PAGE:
Signature Theatre’s fall season begins with two musical premieres: “The Boy Detective Fails” (through Oct. 16), the story of a kid sleuth who grows up to investigate the mystery surrounding his own sister’s death. It’s staged by Joe Calarco and composed by Adam Gwon (both gay). “The Hollow” — based on Washington Irving’s classic tale — is staged by Matthew Gardiner and composed by Matt Conner (also both gay).

Next up at Signature, E. Patrick Johnson performs his one-man play “Sweet Tea: Black Gay Men of the South” (Sept. 13-Oct .9). In this new work based on his acclaimed book, Johnson, chair of the Department of Performance Studies at Northwestern University, relays his own story and those of a dozen other men he’s interviewed and come to know.

And later in the season, Signature’s gay artistic director Eric Schaeffer stages the musical “Hairspray” (Nov. 21-Jan. 29) adapted from John Waters’ 1988 Baltimore-set flick about big girls, big hair and racial segregation. In what might prove a stroke of casting genius, Schaeffer has tapped radio personality Robert Aubry Davis to play Edna, everyone’s favorite plus size house frau. We’ll just have to wait and see. (





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PHOTOS: Superstar Drag Revue

Bombalicious Eklaver leads the show at Selina Rooftop



Superstar Drag Review (Washington Blade photo by Michael Key)

Bombalicious Eklaver held a Superstar Drag Revue at the Selina Hotel Rooftop on Friday, Nov. 25. DJ Juba provided the music.

(Washington Blade photos by Michael Key)

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Memoir reveals gay writer’s struggle with homelessness, rape

‘Place Called Home’ a powerful indictment of foster care system



(Book cover image courtesy Legacy Lit/Hachette)

A Place Called Home: A Memoir
By David Ambroz
c. 2022, Legacy Lit/Hachette
$30/384 pages

For David Ambroz, 42, author of the stunning new memoir “A Place Called Home,” one of his childhood recollections is of himself and his siblings walking with Mary, their mother, on a freezing Christmas morning in New York City.

Today, Ambroz, who is gay and a foster parent, is a poverty and child welfare expert and the head of Community Engagement (West) for Amazon.

But, on that morning, Ambroz remembers, when he was five, he and his seven-year-old sister Jessica and six-year-old brother Alex were freezing. Mary, their mother was severely mentally ill. They were homeless.

Ambroz draws you into his searing memoir with his first sentence. “I’m hungry,” he writes in the simple, frightened, perceptive voice of a malnourished, shivering little boy.

As it got dark and colder, Ambroz recalls, he walked with his family, wearing “clownishly large” sneakers “plucked from the trash.” 

Five-year-old Ambroz remembers that the night before his family got lucky. They had dinner (mac and cheese) at a church “with a sermon on the side.”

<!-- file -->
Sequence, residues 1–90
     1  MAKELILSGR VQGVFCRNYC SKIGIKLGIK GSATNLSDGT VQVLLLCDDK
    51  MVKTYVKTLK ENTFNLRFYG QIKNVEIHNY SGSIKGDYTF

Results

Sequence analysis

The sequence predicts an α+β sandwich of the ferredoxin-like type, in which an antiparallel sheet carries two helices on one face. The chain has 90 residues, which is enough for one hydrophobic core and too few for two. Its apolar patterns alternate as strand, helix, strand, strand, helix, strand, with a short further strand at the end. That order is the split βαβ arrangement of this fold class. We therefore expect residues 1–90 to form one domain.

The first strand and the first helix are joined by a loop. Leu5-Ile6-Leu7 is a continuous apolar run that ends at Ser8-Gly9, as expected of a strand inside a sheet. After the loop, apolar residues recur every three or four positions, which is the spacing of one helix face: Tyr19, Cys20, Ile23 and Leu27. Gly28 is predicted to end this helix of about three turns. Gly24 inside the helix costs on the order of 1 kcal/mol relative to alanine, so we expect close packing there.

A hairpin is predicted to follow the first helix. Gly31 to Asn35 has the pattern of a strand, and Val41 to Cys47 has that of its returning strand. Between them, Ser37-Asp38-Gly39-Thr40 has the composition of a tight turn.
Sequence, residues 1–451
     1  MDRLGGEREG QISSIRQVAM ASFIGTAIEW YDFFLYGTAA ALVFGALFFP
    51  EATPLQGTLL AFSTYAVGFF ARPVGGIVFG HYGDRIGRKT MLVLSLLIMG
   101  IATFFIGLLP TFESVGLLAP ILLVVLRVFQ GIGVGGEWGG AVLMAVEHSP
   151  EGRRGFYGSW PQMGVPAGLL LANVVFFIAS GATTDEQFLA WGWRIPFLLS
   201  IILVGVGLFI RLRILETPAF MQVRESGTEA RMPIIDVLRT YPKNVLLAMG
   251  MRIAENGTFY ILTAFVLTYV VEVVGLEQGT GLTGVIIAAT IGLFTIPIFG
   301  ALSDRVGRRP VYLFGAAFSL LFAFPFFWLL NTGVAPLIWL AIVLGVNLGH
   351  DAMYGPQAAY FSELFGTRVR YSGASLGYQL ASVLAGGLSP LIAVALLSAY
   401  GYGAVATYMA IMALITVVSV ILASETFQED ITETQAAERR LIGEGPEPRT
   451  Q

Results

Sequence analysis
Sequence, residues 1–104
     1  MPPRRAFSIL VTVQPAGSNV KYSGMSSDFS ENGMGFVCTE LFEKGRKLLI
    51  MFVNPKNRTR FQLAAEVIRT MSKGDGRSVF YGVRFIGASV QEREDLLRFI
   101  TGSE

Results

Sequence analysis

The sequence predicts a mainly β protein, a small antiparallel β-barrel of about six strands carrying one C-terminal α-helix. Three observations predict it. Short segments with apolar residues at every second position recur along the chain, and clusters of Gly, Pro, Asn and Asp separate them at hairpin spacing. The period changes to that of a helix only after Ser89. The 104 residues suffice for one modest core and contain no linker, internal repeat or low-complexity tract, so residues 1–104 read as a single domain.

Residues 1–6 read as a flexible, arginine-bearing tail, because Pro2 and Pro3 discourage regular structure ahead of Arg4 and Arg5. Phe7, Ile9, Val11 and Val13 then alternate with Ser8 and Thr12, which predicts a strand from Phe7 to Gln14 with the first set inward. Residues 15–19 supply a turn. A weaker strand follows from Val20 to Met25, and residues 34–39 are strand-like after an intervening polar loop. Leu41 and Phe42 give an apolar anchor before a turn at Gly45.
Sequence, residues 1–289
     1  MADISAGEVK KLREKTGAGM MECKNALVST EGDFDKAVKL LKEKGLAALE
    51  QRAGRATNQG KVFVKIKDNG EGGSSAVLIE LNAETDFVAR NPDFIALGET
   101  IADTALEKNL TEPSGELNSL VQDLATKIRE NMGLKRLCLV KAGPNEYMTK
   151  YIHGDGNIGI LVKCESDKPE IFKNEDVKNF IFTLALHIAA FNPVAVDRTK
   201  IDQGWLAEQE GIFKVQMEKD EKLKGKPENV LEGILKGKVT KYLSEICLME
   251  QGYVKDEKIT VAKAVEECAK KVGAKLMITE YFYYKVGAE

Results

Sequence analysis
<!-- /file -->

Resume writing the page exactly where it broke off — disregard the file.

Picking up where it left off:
“We heard the story of the three kings bringing gifts to the baby Jesus,” Ambroz writes.

But the next day they’re still homeless and hungry. Talk about no room at the inn.

Young Ambroz doesn’t know the word “death,” but he (literally) worries that he and his family will die. Frozen, hungry and invisible to uncaring passersby.

Ambroz’s mom, a nurse, is occasionally employed and able to house her family in dilapidated apartments. But she’s soon ensnared by her mental illness, unable to work. Then, her family is homeless again.

Until, he was 12, Ambroz and his siblings were abused and neglected by their mother.

Ambroz doesn’t know as a young boy that he’s gay. But, he can tell he’s different. Instead of playing street games with the other kids, Ambroz likes to play “doctor” with another boy in the neighborhood.

Mary tells him being gay is sinful and that you’ll die from AIDS if you’re queer.

His mother, having decided that he’s Jewish, makes Ambroz undergo a badly botched circumcision. At one point, she beats him so badly that he falls down a flight of stairs.

At 12, Ambroz reports this abuse to the authorities and he’s placed into the foster care system.

If you think this country’s foster care system is a safe haven for our nation’s 450,000 kids in foster care, Ambroz will swiftly cut through that misperception.

From ages 12 to 17, Ambroz is ricocheted through a series of abusive, homophobic foster placements.

One set of foster parents try to make him more “macho,” rent him out to work for free for their friends and withhold food from him. At another placement, a counselor watches and does nothing as other kids beat him while hurling gay slurs.

Thankfully, Ambroz meets Holly and Steve who become fabulous foster parents. Ambroz has been abused and hungry for so long he finds it hard to understand that he can eat whatever he wants at their home.

Through grit, hard work and his intelligence, Ambroz earned a bachelor’s degree from Vassar College, was an intern at the White House and graduated from the UCLA School of Law. Before obtaining his position at Amazon, he led Corporate Social Responsibility for Walt Disney Television.